• Florida's Workers' Compensation Attorneys' Fees Law Upheld, But Florida Supreme Court Asked to Address Constitutionality
  • November 20, 2013
  • Law Firm: Colodny Fass Talenfeld Karlinsky Abate Webb P.A. - Fort Lauderdale Office
  • In a decidedly reluctant opinion filed on October 23, 2013, the First District Court of Appeal upheld a Judge of Compensation Claims' prior award of attorneys' fees of only $164.54 for 107.2 hours of legal work in the case of Marvin Castellanos v. Next Door Company/Amerisure Insurance Co., but asked the Florida Supreme Court to consider the constitutional adequacy of the governing statute.

    In reaching the decision, the First District Court of Appeal explained that consideration had been given to the claimaint's arguments that  s. 440.34 should be deemed in violation of several constitutional provisions.  Nevertheless, the Court said that, based on precedent, it was bound to conclude that the statute is constitutional and certified the following question to the Florida Supreme Court as a question of great public importance:

        WHETHER THE AWARD OF ATTORNEY'S FEES IN THIS CASE IS ADEQUATE, AND CONSISTENT WITH THE ACCESS TO COURTS, DUE PROCESS, EQUAL PROTECTION, AND OTHER REQUIREMENTS OF THE FLORIDA AND FEDERAL CONSTITUTIONS.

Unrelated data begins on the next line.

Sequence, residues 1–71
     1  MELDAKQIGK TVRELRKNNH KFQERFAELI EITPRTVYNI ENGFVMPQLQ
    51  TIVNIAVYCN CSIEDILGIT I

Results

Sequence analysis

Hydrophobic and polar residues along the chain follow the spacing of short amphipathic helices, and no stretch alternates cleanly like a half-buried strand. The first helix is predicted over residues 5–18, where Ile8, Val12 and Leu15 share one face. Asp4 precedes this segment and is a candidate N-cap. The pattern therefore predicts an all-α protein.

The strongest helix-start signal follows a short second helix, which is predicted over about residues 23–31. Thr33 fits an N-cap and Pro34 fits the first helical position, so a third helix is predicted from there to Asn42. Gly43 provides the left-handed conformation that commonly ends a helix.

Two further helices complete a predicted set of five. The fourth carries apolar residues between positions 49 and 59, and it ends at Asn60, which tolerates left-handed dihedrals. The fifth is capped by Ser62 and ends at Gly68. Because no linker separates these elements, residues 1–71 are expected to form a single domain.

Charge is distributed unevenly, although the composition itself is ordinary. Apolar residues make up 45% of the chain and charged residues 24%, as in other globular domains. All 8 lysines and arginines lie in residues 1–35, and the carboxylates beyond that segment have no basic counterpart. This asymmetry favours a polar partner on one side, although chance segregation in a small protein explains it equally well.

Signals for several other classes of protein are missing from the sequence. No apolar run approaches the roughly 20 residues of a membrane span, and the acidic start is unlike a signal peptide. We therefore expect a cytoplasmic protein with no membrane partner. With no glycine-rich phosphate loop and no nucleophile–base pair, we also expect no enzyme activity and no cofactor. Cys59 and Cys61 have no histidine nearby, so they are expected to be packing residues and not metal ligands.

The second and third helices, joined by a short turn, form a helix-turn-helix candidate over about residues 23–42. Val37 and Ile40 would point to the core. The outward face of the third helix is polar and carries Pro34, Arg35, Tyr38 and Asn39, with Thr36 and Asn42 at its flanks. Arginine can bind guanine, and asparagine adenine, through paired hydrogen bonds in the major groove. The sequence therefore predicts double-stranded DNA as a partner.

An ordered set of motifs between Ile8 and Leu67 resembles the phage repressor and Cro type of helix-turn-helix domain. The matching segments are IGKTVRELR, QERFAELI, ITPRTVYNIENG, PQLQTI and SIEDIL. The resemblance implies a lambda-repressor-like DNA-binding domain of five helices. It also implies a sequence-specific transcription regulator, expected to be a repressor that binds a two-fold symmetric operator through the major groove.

In Emma Murray v. Mariner Health, Inc., one of the most high-profile cases relating to the issue of attorneys' fees in Florida workers' compensation claims, the Florida Supreme Court had invalidated the attorney fee schedule set forth in section 440.34(1), F.S. because it did not meet the "reasonable" attorneys' fee requirement in 440.34(3), F.S.  The Emma Murray decision was considered to have clarified the ambiguity between 440.34(1) and 440.34(3), F.S.

    Prior to the Emma Murray case, Florida documented six consecutive workers' compensation rate decreases.

    Senate Bill 50-A, enacted in 2003, created Florida's workers' compensation attorney fee schedule law.